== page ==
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Posted at: Jan 13, 2018, 1:17 AM; last updated: Jan 13, 2018, 1:17 AM (IST)WELLNESS

Keep a colon check

Dietary and unhealthy lifestyle choices have emerged as major risk factors for rise in colorectal cancer cases

Dr Ekta Jain

Are you experiencing discomfort or bloating sensation in stomach or lower abdomen lately? Have you recently noticed changes in your eating habits or in your appetite? Have you spotted blood in your stool? If the answer to any of the above questions is ‘yes’, you must immediately undergo a thorough medical examination because in some cases these symptoms might point to the presence of colorectal cancer. 

Given the overlapping of these symptoms with those of several other medical problems such as acidity, gastric bloating, constipation, gastrointestinal infection or indigestion, colorectal cancer may often remain undiagnosed and its symptoms mistaken and treated for relatively minor health concerns in the initial stages. In many cases, these symptoms are also overlooked by patients themselves in the initial phase, especially by people over 50 years until they experience an exacerbation.

Colorectal cancer is one of the most common forms of digestive cancers worldwide. Until somewhere around 10 years back, colorectal cancer, also known as cancer of the large bowel (colon or rectum), had the lowest incidence in India as compared to other countries in South East Asia. However, in recent years, owing to increasing urbanisation and adoption of western lifestyles, our country has seen a steady increase in the number of people, especially older adults, affected with this type of cancer. The malignant disease, which initiates in the inner lining of the bowel, if not treated early, can turn fatal. In India, colorectal cancers are the sixth most common cause of cancer-related deaths.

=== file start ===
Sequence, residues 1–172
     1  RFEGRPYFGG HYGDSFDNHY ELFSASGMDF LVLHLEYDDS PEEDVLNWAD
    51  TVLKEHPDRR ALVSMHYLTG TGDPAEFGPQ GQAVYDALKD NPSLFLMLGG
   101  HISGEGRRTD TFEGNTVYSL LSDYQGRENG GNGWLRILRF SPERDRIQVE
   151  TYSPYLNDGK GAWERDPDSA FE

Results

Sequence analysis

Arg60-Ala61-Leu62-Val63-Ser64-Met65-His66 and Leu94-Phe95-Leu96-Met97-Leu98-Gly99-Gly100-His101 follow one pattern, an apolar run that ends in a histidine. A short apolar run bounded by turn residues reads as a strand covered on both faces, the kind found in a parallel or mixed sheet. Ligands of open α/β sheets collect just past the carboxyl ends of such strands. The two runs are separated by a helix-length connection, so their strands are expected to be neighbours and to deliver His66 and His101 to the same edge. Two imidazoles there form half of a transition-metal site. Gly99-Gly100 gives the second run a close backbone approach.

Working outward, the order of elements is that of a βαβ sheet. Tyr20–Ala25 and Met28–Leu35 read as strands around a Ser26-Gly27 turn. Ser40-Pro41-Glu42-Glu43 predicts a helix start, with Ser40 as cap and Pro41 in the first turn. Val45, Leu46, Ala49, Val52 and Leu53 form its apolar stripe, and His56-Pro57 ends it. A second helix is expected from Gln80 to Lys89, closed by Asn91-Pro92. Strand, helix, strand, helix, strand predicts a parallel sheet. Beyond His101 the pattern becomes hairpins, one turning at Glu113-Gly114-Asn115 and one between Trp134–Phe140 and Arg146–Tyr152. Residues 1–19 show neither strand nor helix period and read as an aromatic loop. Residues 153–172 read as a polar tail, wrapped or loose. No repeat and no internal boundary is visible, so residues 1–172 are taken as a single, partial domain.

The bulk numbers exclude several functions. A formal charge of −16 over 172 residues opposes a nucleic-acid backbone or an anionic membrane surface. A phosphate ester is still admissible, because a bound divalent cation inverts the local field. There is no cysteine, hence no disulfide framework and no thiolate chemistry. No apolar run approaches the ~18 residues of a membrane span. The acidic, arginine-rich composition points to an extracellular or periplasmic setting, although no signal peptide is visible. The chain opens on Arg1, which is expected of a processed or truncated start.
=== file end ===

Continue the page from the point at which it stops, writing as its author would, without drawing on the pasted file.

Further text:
A recent study by the American Cancer Society reveals that someone born in 1990s has double the risk of getting early colon cancer, and almost four times the risk of early rectal cancer as compared to someone who is born in 1950s. Overall, the underlying risks for colorectal cancers are rising, and increasing steadily among younger adults and the Millennials. Many colon and rectal cancer patients today are in the most productive years of their lives.

Lifestyle risks 

Colorectal cancer generally begins with benign growth of cells in the colon known as polyps, which can turn cancerous within a short time. In the past few decades, dietary and lifestyle considerations have emerged as major risk factors for this malignancy, apart from the genetic factors. Colorectal cancer is now the third most common type of cancer in men (accounting for 10 per cent of all cases globally) and the second most common in women (9.4 per cent). More than 60 per cent of all cases of colorectal cancer are encountered in developed countries. However, in majority of the people, the exact causes of colon and rectal cancers still remain unknown.

Although the role played by specific nutritional factors leading to this cancer has not been underlined comprehensively, experts believe that irregular diet patterns and too much intake of red meat, highly refined and starchy foods, and sugars (especially sucrose) is linked to an increased risk of colorectal cancer. Besides these, excessive consumption of processed foods and binge eating over a long time may also cause liver and kidney damage.